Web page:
October 7th, 2010
Poor Credit Score? 3 Ways To Build Or Improve Your Credit Health
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**Welcome to Do Today Thursdays here at Credit Karma Bootcamp: Your 31-Day Credit Health Plan. Every week, we’ll cover the 3 most useful moves to do now for your specific credit score range.**
The Average Joe or Jane with poor credit has a Credit Karma credit score in the bottom 500s. Lenders will typically refuse to lend money or credit because Joe or Jane are considered high-risk / subprime borrowers. Subprime lenders, who may approve their application for a loan or secured credit card, charge exorbitantly high interest rates, additional fees, and offer limited options.
Many issues may have landed Joe or Jane in poor credit—a financial emergency like bankruptcy, years of neglecting credit, or maybe they’re just building credit for the first time. Either way, at the bottom tier of credit score range, they must work hard to gain the financial opportunities of a good credit score.
If this poor credit profile fits you, take heart–you aren’t stuck in an impossible situation. The key to building or improving your credit health is to be thorough, disciplined, and hard-working. The following 3 approaches aren’t just quick fix moves; they are three long-term strategies that work favorably together to address the past and present of your poor credit, and move towards a good credit future.
- Repair the past – Check your credit report. Pull your credit report for free on AnnualCreditReport.com and read through your report. Familiarize yourself with what items on your credit need a little do-it-yourself repair. Note and follow up on:
- Incorrect information to dispute with the bureaus
- Past due accounts that have been charged off or sent to collections (covered in #2)
- Reoccurring bad credit habits—such as frequent defaults, maxed credit cards, or closed accounts—that you need to rectify
Looking over your report reveals the details of your credit history that resulted in a poor credit score in the first place. Let it remind you why you must learn from these financial mistakes.
- Deal with the present – Settle accounts now. Unsettled, past due accounts will heavily weigh down your credit score, so taking care of these black marks on your credit report vastly improves your credit health. Your goal is to have your past due accounts marked “current” or “paid” on your credit report. If you have past due accounts that have not yet been charged-off, negotiate with your issuers to pay your balance and bring your account to current. If you have charged-off accounts, pay the accounts off to settle them and be rid of debt. If you have accounts sent to debt collectors, contact the collectors to take care of your accounts through debt settlement, debt consolidation, and any other necessary strategy. If you do not have any past-due accounts but other current issues like bankruptcy or foreclosure are killing your credit, make sure to fully comply with every step and necessary payment to make the process go as smoothly as possible.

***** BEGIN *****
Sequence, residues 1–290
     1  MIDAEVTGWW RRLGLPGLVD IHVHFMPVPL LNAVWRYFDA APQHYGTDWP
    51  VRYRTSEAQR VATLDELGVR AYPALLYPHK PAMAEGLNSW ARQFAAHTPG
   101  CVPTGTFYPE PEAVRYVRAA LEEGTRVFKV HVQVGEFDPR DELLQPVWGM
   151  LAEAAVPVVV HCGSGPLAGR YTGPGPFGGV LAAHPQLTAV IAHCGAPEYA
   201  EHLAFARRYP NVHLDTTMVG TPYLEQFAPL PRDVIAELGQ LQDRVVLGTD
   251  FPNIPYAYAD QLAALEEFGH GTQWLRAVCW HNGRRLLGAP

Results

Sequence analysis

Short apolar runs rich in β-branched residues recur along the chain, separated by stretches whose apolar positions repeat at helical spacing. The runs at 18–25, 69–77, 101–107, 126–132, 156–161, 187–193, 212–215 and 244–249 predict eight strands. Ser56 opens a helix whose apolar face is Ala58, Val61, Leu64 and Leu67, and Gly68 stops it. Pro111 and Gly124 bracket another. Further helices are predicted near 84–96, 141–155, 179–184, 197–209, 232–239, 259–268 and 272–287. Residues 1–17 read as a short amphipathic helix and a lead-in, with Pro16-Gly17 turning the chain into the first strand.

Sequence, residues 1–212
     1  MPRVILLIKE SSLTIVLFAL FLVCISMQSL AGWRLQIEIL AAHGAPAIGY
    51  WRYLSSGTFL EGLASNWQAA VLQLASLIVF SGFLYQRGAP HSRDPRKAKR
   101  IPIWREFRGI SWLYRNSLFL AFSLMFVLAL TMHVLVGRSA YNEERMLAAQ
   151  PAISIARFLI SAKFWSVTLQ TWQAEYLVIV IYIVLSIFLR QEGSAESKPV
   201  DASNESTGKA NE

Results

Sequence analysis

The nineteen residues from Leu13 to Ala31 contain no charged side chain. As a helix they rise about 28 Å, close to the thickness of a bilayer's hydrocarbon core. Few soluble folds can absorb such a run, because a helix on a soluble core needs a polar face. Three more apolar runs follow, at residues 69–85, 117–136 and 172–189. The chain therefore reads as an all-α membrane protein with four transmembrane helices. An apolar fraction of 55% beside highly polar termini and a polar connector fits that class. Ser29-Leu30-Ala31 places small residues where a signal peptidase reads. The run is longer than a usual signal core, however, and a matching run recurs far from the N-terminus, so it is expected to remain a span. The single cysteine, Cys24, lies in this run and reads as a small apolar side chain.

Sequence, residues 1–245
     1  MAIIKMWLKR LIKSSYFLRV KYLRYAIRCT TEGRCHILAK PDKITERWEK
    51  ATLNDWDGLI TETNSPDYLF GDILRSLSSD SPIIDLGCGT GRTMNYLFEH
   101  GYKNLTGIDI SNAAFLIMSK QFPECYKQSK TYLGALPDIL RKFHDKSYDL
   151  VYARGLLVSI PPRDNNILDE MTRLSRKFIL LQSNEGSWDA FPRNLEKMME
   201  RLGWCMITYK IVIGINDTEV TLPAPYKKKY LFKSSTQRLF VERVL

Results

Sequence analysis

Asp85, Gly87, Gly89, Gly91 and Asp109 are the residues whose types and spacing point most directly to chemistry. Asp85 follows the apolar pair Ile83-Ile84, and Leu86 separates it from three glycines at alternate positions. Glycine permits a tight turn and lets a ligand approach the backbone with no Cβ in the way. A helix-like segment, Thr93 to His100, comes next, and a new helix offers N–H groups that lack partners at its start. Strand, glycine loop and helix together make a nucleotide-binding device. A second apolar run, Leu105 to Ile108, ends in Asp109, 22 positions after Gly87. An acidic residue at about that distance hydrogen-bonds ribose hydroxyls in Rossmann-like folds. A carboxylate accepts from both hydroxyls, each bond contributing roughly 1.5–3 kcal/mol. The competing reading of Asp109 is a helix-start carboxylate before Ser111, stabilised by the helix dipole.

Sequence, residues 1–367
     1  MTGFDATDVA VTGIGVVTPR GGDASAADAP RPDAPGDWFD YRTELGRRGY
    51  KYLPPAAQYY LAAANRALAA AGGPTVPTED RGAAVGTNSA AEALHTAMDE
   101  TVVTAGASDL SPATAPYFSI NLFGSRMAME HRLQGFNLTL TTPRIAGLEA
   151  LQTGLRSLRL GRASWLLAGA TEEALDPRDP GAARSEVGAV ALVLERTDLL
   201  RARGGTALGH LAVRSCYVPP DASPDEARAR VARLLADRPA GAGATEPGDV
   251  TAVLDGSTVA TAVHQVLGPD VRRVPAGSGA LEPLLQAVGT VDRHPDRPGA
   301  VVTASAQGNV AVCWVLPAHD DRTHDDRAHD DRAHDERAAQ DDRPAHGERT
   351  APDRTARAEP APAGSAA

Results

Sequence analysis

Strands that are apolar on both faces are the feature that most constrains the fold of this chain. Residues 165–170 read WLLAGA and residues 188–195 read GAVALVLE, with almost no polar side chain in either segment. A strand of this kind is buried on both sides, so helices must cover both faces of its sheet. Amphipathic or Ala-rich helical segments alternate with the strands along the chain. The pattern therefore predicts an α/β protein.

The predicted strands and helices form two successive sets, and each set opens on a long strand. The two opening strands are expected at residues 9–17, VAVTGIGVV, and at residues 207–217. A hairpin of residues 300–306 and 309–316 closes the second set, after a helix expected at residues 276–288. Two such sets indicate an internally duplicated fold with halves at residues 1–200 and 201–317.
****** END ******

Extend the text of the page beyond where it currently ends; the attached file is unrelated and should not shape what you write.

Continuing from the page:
- Set up a good future – Establish new credit with a secured credit card. This tip shows up on everyone’s “how to build credit” list because it is the number one way to build or improve your credit health. Secured credit cards are perfect for poor credit consumers because they typically don’t require a credit check. Secured cards are “secured” by your security deposit of at least $200. If you neglect to pay a monthly payment, your deposit will cover it and safeguard you against any derogatory marks. You establish positive, on-time payment history. Maintain payments and keep credit utilization under 30% of your total limit – these are the essential building blocks of credit that will vastly help your credit.
CK Bootcamp Tip: Poor credit isn’t a lost cause, so start now to deal with the past, present, and future of your credit health. For most consumers, doing the above can lead to a 100-150 point increase in 3-6 months.
Throughout October, Credit Karma Bootcamp gives you daily information on what you need to make wise, credit-savvy decisions when it comes to credit cards, mortgages, insurance, loans, and most importantly, ALL THINGS CREDIT.
Follow along to get financially fit and credit healthy.